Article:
The Times - Serving Waitsburg, Dayton and the Touchet Valley

By Dena Martin
The Times 

Lifelong Learner Brings Inspiration to the Classroom

Kindergarten teacher Pam Nolan-Beasley considers week-long science immersion experience her 'Disneyland'

 

August 10, 2017

Photo Courtesy of Pam Nolan-Beasley

Beasley examines a sturgeon at Northwest National Lab.

WAITSBURG – It may not be back-to-school time for Waitsburg students yet, but kindergarten teacher Pam Nolan-Nolan-Beasley spent last week in "school," honing her skills along with other select teachers from across the state. She spent the week at the Pacific Northwest National Lab in Richland, Wash. as part of the STEM-IT Now Project, which aims to strengthen the content knowledge and skills of selected expert teachers who are part of the SE LASER (Leadership Alliance for Science Education Reform) Alliance.

Nolan-Beasley undoubtedly qualifies as an "expert teacher." She is not only a member of the SE LASER Alliance but is also a Science Fellow for OSPI/ESD from Waitsburg. Not to mention the fact that she was awarded the Presidential Award for Excellence in Mathematics and Science Teaching in 2014 and was one of ten national semi-finalists to receive the Shell Science Teaching Award in 2015.

Nolan-Beasley said this was her first year to participate with scientists at PNNL where she and other expert teachers engaged in an adult-oriented, real-life, problem-based immersion experience in partnership with scientists and engineers.

Nolan-Beasley was excited to learn under Megan Nims who works with PNNL in a project that studies the transport and travel of salmon across dams. Nims' project involved a team of scientists who tested a "salmon cannon" for use with the Corps of Engineers Dams, and is "awesome!" Nolan-Beasley said. (A video of the cannon can be found on YouTube under 'Salmon cannon gives fish a boost over dams' by Energy.gov.)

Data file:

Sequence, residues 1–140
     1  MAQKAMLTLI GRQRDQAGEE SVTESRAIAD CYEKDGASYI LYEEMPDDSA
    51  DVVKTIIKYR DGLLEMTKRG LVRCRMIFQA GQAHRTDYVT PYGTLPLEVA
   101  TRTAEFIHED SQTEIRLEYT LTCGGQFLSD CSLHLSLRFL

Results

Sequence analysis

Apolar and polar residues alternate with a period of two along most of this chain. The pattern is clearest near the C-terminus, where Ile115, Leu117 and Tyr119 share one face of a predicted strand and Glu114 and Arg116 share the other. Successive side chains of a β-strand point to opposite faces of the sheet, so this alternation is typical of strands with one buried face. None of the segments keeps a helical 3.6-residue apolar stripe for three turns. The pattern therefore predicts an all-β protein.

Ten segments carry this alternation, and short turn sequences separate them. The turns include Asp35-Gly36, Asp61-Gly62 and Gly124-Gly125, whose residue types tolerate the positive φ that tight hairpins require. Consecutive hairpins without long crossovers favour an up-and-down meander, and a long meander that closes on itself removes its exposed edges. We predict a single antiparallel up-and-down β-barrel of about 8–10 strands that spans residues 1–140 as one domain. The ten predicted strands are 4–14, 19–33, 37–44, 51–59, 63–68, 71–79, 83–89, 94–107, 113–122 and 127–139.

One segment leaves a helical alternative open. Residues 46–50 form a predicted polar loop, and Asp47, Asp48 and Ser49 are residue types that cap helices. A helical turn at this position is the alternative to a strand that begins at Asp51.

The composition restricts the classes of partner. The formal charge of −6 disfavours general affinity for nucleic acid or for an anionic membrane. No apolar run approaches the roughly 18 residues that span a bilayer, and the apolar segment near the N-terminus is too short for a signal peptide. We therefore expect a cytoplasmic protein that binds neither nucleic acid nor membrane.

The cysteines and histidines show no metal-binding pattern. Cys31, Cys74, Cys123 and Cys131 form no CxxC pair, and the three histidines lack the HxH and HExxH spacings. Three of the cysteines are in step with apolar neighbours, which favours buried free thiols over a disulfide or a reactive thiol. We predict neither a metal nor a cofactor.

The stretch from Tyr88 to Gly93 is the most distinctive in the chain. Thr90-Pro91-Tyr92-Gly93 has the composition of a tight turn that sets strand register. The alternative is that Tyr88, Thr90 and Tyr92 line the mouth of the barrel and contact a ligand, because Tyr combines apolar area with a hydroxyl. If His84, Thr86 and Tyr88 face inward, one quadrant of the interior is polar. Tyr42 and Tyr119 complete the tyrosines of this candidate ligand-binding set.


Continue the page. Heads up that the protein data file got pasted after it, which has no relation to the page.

Nolan-Beasley said Nims used the anatomy of a sturgeon and salmon to show how their physical makeup helps them move through water. The student-teachers also learned about force and motion, Einstein's theories, and took a field trip to the PNNL fish lab, all in order to have a stronger background when teaching the Force and Motion science unit to their students.

"What really struck me was how science requires teams of people, from many different job areas, to work together. The fish lab needs plumbers and electricians, in addition to people who develop 3D fish prototypes to test through the cannon. They have people who do the tests, work with the data from the tests . . . the list goes on and on. I can't wait to share this with our students in Waitsburg!" Nolan-Beasley said.

"When we went on our field trip to LIGO (Laser Interferometer Gravitational Wave Observatory) in Richland, they even have people with the job of baling tumbleweeds. Science is everywhere!" she added.

Photo Courtesy of Pam Nolan-Beasley

Pam Nolan-Beasley (third from left), with fellow select kindergarten teachers and Pacific Northwest National Lab scientist Megan Nims (third from right).

Throughout the week, K-5 teachers worked with their grade level KIT materials to align with national standards and to add enhancements. The teachers will connect throughout the year to follow up with their grade level teams and they share information with teachers across the country on the STEM-It website.

In addition to personally imparting her newfound knowledge, Nolan-Beasley plans to utilize technology to allow her kindergarten students to share first-hand in some of her experience.

"I'm also looking forward to connecting my class with Megan, and other entities of PNNL, through social media, video calls, virtual lessons, visits to the classroom, etc." Nolan-Beasley said.

"I could go on about this all night! Until this week, I was unaware we had cutting-edge science experiments going on in our own backyard – discoveries that aren't happening anywhere else. We have a wealth of resources here for students in our area. This week was like my summer trip to Disneyland!" Nolan-Beasley said.

Enthusiasm like that ought to inspire any student.

 

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